“Ensuring access to an FDA-approved sterile, injectionable medication, manufactured under mandatory strict quality controls is in the best interests of all high-risk women,” Greg Divis, KV’s chief executive and president, said in the announcement.
Although the news was welcomed by some who had criticized the company, many said the price was still too high.
“While the new price may represent a significant reduction, it remains excessively inflated given that the original price was stratospheric,” said George Saade, president of the Society for Maternal-Fetal Medicine.
Several members of Congress said they still planned to investigate the drug’s pricing.
“While I am glad the company is taking a hard look at their prices, the proposed price reduction doesn’t go far enough to protect public health” Rep. Louise M. Slaughter (D-N.Y.) said. “This medication is still almost 50 times what it was a month ago.”
The March of Dimes, which has come under criticism for praising the drug’s approval before the price was made public, announced that despite the reduction it was severing its ties with the company. KV has donated about $1 million to the March of Dimes between 2006 and 2010.
“The company’s handling of the launch of Makena, and the initial list price, were highly unsatisfactory and unacceptable,” the group said in a statement. In a letter to the company, March of Dimes President Jennifer L. Howse asked KV to stop referring to her organization and using its logo in any promotional materials.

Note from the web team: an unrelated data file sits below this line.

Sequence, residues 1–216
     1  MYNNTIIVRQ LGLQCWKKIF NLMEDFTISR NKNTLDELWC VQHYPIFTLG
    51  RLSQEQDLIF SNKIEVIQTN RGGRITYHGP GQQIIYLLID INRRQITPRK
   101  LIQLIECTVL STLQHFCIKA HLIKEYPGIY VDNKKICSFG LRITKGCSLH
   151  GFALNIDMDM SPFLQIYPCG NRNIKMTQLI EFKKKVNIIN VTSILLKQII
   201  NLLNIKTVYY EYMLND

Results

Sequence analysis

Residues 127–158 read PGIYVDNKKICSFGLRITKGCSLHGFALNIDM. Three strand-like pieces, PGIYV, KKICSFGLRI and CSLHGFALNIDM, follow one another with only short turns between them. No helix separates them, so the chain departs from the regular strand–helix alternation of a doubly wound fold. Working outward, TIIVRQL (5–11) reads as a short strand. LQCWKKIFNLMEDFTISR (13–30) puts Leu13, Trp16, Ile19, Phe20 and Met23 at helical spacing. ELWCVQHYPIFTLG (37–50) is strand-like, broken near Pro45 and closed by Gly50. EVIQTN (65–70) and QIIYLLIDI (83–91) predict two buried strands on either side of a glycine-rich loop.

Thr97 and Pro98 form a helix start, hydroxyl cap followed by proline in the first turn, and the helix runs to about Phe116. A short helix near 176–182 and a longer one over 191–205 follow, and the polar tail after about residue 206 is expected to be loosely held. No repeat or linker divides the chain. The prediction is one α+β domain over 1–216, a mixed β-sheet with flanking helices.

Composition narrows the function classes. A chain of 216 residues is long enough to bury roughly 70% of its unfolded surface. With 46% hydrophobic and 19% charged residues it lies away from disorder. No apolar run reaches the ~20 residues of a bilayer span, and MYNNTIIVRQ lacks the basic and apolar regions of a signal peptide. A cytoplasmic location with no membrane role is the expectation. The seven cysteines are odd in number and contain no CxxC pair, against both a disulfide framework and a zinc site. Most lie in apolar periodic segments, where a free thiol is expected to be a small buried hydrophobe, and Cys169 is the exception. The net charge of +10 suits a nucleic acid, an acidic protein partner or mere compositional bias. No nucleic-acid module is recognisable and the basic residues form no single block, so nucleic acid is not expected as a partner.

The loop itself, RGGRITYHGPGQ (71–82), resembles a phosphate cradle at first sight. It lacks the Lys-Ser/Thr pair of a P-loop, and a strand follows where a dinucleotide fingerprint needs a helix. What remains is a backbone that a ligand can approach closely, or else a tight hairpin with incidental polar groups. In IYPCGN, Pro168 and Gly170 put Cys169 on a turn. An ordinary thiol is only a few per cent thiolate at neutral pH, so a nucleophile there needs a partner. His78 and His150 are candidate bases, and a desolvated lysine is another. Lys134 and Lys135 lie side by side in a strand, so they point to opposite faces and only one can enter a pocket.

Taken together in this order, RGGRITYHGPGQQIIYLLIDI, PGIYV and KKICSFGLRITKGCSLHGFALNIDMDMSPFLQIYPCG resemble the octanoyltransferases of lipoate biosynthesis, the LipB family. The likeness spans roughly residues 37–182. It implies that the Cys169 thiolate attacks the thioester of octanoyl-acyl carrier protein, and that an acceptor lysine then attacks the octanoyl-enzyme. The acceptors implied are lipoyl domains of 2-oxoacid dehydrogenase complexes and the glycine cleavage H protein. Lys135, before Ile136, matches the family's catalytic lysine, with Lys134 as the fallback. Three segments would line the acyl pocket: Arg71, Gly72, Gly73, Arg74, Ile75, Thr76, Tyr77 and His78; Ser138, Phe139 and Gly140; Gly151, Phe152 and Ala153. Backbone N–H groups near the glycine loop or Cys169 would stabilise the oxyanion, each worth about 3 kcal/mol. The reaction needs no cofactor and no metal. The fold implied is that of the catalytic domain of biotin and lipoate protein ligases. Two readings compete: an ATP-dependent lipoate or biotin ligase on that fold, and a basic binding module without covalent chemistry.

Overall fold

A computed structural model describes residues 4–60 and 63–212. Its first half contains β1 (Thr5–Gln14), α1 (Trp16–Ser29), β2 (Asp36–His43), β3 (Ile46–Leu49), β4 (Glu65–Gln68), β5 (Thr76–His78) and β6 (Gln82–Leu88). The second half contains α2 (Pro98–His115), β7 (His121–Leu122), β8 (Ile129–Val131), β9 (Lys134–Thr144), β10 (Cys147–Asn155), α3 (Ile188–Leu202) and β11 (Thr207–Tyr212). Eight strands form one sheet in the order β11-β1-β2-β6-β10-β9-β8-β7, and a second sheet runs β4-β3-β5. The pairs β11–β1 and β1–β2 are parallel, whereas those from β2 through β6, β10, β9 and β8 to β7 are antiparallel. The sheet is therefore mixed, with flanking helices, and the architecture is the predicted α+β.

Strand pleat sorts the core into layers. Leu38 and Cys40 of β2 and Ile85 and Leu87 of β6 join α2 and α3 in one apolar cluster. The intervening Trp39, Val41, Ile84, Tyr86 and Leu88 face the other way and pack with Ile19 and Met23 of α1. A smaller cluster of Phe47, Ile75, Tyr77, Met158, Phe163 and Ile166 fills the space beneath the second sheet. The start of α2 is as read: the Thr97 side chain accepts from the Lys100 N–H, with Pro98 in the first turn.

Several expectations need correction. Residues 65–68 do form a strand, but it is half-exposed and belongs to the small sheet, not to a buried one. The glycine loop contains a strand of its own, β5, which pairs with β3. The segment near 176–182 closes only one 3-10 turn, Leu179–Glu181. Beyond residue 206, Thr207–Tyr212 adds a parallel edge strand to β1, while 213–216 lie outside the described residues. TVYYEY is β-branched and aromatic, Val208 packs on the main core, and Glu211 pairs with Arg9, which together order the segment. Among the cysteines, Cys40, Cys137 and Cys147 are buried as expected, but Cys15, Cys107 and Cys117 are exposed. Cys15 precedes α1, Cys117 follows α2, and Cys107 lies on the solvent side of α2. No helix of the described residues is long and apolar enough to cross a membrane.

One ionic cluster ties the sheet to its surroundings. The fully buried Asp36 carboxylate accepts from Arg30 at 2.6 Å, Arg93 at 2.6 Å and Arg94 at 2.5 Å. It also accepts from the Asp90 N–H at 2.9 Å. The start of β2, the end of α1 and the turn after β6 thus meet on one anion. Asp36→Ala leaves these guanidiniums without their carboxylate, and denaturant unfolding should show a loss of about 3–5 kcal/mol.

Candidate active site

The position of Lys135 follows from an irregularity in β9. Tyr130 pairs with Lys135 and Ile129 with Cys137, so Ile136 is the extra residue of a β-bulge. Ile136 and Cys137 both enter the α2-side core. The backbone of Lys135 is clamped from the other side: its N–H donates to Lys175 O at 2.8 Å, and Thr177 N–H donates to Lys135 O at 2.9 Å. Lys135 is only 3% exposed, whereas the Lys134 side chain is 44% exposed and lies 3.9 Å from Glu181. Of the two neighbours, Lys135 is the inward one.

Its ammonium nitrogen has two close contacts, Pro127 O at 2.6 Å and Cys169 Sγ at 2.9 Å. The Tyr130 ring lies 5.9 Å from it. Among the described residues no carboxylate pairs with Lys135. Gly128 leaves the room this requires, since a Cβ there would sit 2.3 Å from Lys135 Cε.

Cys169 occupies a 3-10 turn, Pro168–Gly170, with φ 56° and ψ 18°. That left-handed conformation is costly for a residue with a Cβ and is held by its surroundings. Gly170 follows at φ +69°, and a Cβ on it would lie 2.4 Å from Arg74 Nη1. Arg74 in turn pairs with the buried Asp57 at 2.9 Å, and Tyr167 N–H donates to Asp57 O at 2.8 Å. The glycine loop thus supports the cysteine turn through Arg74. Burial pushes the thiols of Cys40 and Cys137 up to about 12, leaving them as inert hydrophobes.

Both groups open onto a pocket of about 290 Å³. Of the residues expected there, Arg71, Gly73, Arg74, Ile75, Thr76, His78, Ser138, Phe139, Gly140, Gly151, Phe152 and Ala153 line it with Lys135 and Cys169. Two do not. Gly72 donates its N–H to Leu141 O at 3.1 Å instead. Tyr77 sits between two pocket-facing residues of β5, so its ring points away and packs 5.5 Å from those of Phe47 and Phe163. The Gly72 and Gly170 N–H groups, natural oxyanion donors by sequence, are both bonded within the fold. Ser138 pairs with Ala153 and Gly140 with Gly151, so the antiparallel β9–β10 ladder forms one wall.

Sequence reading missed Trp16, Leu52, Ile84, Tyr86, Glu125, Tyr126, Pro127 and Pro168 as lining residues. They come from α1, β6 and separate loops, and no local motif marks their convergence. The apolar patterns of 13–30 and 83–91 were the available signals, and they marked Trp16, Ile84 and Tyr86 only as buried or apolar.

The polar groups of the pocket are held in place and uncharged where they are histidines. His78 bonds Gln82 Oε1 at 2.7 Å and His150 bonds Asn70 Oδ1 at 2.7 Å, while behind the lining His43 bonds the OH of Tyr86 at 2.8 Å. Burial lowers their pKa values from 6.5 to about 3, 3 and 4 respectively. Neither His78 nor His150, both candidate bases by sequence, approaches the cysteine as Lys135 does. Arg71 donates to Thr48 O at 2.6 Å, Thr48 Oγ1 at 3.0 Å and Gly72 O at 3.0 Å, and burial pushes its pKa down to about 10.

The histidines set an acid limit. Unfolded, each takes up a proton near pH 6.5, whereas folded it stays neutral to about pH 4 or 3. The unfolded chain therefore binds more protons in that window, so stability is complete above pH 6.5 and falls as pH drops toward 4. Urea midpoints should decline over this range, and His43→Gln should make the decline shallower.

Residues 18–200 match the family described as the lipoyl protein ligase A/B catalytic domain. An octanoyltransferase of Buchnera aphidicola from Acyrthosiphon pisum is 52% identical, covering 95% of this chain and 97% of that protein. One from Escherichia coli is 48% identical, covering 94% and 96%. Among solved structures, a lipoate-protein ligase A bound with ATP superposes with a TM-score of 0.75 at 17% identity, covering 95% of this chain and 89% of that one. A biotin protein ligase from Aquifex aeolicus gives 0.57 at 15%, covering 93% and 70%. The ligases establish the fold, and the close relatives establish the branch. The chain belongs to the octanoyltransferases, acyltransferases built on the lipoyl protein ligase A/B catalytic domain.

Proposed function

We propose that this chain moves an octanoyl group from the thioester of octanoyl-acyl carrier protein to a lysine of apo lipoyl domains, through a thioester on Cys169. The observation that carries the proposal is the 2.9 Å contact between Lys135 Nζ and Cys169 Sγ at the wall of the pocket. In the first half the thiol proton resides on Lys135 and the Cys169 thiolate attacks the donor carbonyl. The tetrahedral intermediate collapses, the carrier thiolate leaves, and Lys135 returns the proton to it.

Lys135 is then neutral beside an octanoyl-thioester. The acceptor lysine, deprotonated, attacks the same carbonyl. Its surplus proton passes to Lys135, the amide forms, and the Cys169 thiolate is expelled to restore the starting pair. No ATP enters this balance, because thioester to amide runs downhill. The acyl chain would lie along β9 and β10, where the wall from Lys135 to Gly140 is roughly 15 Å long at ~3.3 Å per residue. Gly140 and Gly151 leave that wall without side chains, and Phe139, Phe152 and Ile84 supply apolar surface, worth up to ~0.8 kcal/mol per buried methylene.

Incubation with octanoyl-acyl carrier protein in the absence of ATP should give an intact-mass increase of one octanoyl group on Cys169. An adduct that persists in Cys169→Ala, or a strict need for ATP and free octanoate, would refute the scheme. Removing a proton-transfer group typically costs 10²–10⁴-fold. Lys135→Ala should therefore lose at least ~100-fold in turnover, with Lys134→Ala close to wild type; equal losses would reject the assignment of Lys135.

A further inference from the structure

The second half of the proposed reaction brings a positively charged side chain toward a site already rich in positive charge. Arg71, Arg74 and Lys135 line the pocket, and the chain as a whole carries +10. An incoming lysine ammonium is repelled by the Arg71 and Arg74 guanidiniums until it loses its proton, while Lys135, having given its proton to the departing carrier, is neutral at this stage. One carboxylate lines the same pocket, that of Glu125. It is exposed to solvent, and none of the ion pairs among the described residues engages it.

The Food and Drug Administration took the unusual step Wednesday of announcing that it would not stop pharmacies from continuing to produce less expensive versions of the drug, which had long been available for $10 to $20 a dose.
The FDA’s statement came a day after The Washington Post reported the controversy over Makena’s price, which had prompted angry condemnations from pregnant women, doctors and members of Congress.
More than 500,000 women give birth prematurely, and many of the babies don’t survive. Those who do are at an increased risk for many health problems, including mental retardation, cerebral palsy and autism.
For years, a form of the hormone progesterone known as 17P had been used to prevent preterm births. But the drug fell out of favor. Doctors and patients started using it again after a 2003 study, sponsored by the National Institutes of Health, showed that 17P could cut the risk of preterm births. Because no company marketed the drug, women obtained it cheaply from pharmacies that produce individual batches of drugs for patients.
But doctors and regulators had long worried about the purity and consistency of the compounded drug and were pleased when KV won FDA approval in February. The approval gave the company seven years of exclusive rights, and KV immediately sent letters to compounding pharmacies warning that they could no longer sell their versions.
Because the drug must be given for about 20 weeks, Makena would cost about $30,000 for each at-risk pregnancy, which could add more than $4 billion to the nation’s health-care bill.
KV has defended Makena’s price, saying the company had spent more than $200 million to develop the drug. In addition, KV started a program to help women who could not afford the drug.
In Friday’s announcement, KV said it is taking several steps to expand that program, including offering “supplemental rebates” that, “in conjunction with the list price reduction and the standard Medicaid rebate of 23.1 percent, will result in a substantially reduced cost per injection for state Medicaid agencies compared to list price.” The program will also remove income caps to qualify for financial assistance that will result in “85 percent of patients paying $20 or less per injection,” the company said.